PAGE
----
This rubric includes all complaints which have no content. For example, “What you have said proves nothing,” “People have shown that Creationism is scientifically valid,” or more succinct pejorative comments (often about the personality of the author) or direct appeals to scripture or some unnamed authority. Such objections, however sincere, are, of course, empty, because they offer no reasonable ground for disagreement and merely indicate the writer’s displeasure with the conclusions.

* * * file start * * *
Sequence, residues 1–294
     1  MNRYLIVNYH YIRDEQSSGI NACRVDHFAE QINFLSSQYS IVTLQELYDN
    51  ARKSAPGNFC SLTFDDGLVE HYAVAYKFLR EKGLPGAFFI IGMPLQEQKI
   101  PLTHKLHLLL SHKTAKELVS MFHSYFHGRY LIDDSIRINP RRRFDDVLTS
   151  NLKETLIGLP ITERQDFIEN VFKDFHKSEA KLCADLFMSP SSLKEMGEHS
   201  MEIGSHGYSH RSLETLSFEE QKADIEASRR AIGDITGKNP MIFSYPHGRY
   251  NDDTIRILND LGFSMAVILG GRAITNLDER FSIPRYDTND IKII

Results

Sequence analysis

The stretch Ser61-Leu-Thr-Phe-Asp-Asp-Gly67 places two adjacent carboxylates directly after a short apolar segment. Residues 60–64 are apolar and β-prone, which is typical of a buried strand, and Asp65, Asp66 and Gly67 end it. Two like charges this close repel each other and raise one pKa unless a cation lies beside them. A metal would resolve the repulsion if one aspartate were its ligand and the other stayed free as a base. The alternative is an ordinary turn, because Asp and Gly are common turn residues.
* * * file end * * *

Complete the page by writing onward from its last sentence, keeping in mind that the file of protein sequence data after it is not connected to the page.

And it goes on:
The most common objection to the case made for evolution is the question, “But what about the origin of life?”  What about it, indeed?  As the article itself makes clear, questions about the origin of life, though addressing a related issue, are red herrings, since evolution concerns itself with the diversity of species once life is established on earth, not with how life first began. So such a question is rather like raising doubts about how steel is made in any argument about how a car engine works. Naturally, the origin of life on earth is a fascinating issue, one which scientists continue to explore. They have come up with a number of hypothetical possibilities, but as yet there is no favourite theory, nothing which has yielded a wealth of predictions which one can easily test to confirm or reject the hypothesis.